Seismic activity and changes in Taal Volcano’s main crater lake have been observed on Monday despite the volcano under alert level 1 (abnormal), the Philippine Institute of Volcanology and Seismology (Phivolcs) said.
In an advisory, the Phivolcs said 50 weak tremor episodes were recorded from 5 a.m. to 3 p.m., occurring at shallow depths. Seismic activity describes earthquake occurrences in the volcano.
This signals increased hydrothermal activity beneath Taal Volcano island.
“Tremors are typically not recorded,” Phivolcs director Renato Solidum told the Philippine News Agency (PNA) on Monday night.
The Phivolcs recorded 68 shallow tremor episodes in the volcano island since Feb. 13.
Solidum said the main crater lake is becoming more acidic and hotter.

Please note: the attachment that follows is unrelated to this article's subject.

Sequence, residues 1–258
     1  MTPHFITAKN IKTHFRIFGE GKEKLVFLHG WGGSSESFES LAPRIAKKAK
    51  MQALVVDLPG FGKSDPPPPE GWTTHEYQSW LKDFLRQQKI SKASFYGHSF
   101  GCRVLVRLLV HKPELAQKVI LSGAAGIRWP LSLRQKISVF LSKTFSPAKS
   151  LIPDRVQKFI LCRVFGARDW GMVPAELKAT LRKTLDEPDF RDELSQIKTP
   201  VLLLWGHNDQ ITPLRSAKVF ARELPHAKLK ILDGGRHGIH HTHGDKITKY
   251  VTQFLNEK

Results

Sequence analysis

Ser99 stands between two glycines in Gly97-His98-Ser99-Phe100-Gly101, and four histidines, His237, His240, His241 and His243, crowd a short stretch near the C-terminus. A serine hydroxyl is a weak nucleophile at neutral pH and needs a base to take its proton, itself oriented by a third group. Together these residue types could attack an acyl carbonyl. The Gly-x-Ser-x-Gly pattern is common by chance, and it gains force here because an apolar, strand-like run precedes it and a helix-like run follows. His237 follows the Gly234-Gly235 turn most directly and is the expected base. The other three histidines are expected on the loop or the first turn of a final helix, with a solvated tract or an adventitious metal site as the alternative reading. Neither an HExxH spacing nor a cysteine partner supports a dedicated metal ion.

Local government units are advised to prepare in case of the volcano’s renewed unrest and to assess previously evacuated barangays around Taal Lake for damages.
The public is urged to observe precautions due to possible ashfall, ground displacement across fissures, and minor earthquakes in the event of a phreatic eruption.
According to the advisory, geochemical data on the main crater lake indicate continuous acidification of lakewater from a pH 2.79 to pH 1.59 between January 2020 and February 2021, an unseasonal temperature high of 77 degrees Celsius and CO2/H2S gas flux ratios consistent with shallow magma degassing.
Phivolcs said there are increased possibilities of sudden steam-driven or phreatic explosions, lethal accumulations, or expulsions of volcanic gas and minor ashfall from the main crater that can occur and threaten areas within the Taal Volcano island.
Entry into the island, Taal’s Permanent Danger Zone, especially the vicinities of the main crater and the Daang Kastila fissure, must remain strictly prohibited, Phivolcs added.
Pilots are advised to avoid flying close to the volcano as airborne ash and ballistic fragments from sudden explosions and wind-remobilized ash may pose hazards to aircraft.